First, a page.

Though I’m technically “retired” from offshore racing, I’m still as passionate as I’ve ever been about high-performance powerboats, especially of the Cigarette Racing Team kind. My 1988 Cigarette 38 Top Gun raceboat carried the Old School team to back-to-back world championships in the Bracket 400 class, one from the Offshore Powerboat Association and one from the American Power Boat Association/Union Internationale Motonautique. For those reasons and more, I’ll always be a fan of the iconic brand.
A devoted Cigarette Racing Team fan, former offshore racer Matt Soper was blown away by his recent driving experience in a 515 sportboat.
But until yesterday, I had yet to experience a state-of-the-art creation from the Opa-locka, Fla., sportboat and center console company.
During a visit to the Cigarette display in the Miami Beach Convention Center at the Miami International Boat Show on Sunday morning, I heard a voice call “Hey, Old School.” It was that of Ricky Llorente of Top Gun Yachts, a South Florida-based Cigarette dealer I’ve gotten to know during the past few years.
“It’s time for ‘Old School’ to meet ‘New School,’” he said as he put his arm around my shoulders, a big grin creasing in his face.
Less than an hour later, Captain Rob Rojas let me take the helm of a beautiful Cigarette 515 sportboat powered by twin Mercury Racing 1550 engines, and I was living every powerboat enthusiast’s dream. We cruised through Biscayne Bay and then headed to open water so we could “stretch the legs” of this spectacular thoroughbred machine.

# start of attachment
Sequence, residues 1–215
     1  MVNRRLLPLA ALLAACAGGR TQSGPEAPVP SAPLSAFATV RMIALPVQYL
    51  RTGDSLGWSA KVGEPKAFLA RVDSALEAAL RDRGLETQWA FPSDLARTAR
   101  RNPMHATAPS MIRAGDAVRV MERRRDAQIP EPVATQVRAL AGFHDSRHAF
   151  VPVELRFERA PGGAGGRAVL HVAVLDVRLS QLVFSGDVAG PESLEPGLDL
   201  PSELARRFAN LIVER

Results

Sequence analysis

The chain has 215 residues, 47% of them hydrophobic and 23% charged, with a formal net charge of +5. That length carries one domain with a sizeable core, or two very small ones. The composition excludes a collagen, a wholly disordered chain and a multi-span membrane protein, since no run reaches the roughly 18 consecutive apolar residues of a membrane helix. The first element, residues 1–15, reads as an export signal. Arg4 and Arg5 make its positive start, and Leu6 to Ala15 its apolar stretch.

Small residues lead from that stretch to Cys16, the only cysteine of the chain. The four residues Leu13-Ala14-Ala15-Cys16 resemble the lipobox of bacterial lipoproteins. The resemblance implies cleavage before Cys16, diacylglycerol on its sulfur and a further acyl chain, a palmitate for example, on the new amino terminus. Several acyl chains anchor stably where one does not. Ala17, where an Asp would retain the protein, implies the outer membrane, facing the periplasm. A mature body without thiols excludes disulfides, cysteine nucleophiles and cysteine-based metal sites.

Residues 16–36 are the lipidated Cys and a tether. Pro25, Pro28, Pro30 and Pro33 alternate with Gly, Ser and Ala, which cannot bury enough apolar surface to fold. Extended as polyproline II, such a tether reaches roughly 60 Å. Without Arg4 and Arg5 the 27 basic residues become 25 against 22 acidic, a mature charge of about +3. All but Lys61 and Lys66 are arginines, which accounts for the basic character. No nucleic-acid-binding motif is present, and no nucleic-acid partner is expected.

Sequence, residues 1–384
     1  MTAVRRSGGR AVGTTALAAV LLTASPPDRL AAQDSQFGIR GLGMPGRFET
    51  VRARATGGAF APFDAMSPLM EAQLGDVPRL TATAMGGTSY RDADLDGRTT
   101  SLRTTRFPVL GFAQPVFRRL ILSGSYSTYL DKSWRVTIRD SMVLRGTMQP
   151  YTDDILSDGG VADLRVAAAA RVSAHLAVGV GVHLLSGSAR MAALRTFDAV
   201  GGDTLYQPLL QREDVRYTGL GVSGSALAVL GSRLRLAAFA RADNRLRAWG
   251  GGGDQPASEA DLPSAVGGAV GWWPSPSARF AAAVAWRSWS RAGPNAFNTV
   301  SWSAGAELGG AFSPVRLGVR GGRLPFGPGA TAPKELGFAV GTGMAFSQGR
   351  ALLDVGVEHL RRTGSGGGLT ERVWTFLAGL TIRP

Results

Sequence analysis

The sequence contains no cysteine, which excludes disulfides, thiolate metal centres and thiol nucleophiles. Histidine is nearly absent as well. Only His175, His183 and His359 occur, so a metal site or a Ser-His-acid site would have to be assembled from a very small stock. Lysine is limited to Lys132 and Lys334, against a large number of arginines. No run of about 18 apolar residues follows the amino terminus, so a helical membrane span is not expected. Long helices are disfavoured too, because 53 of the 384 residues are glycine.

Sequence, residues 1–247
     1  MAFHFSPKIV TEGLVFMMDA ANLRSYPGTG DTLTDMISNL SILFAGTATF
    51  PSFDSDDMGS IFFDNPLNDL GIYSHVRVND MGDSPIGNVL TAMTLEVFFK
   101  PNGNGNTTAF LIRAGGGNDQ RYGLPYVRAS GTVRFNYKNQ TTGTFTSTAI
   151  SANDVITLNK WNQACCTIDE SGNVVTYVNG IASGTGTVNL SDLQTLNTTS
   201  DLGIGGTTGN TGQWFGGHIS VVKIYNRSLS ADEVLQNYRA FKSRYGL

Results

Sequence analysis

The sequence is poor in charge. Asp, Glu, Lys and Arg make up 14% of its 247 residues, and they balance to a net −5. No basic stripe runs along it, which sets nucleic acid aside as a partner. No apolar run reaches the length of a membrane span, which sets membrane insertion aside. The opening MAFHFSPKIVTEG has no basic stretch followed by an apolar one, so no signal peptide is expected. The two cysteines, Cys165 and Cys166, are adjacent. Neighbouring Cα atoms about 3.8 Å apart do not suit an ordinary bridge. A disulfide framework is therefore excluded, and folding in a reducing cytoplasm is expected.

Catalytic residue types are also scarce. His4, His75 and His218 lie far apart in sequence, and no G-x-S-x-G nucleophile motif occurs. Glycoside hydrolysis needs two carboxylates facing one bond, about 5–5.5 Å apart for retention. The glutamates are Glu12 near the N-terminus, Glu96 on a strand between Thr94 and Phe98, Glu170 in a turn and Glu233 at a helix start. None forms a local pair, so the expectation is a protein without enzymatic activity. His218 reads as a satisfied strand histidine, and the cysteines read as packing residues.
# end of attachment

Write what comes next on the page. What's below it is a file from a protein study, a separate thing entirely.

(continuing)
It just doesn’t get any better than this.
That was all I could think as I soaked in the experience.
Powered by twin Mercury Racing 1550 engines, the Cigarette 515 sportboat reportedly tops 125 mph. Photo courtesy/copyright of the Florida Powerboat Club.
The 51-foot beauty was comparable to my 38-footer in agility, but far more forgiving in rough water thanks to its sheer mass. And the throttle response from the 1,550-hp turbocharged engines was spectacular. The 515 is without a doubt the ultimate big-water V-bottom that can handle a wide range of water conditions.
Although the 515 is capable of reaching more than 125-plus mph, I also wanted to know how it turned and handled compared to my 38 Top Gun. So I threw it into a series of race-type turns at speed. The results were spectacular. “On rails” throughout the series of agility turns, the boat handled so well that I nearly forgot that I was driving a 51-footer.
Eventually, we had to head back to the docks and I throttled toward the inlet back to Biscayne Bay, taking in the lovely Miami scenery, at what felt like 60 mph. But we were actually running 105 mph before I throttled back to idle speed.
The Old School team earned two OPA world titles in this Cigarette 38 Top Gun. Photo by Pete Boden copyright Shoot 2 Thrill Pix.
I am keeping my Old School Cigarette 38 Top Gun, of course. That boat is near and dear to my heart and I’ll never let her go. But a New School Cigarette 515? That wouldn’t be bad.
That wouldn’t be bad at all.
Editor’s note: This is Matt Soper’s second article for speedonthewater.com.
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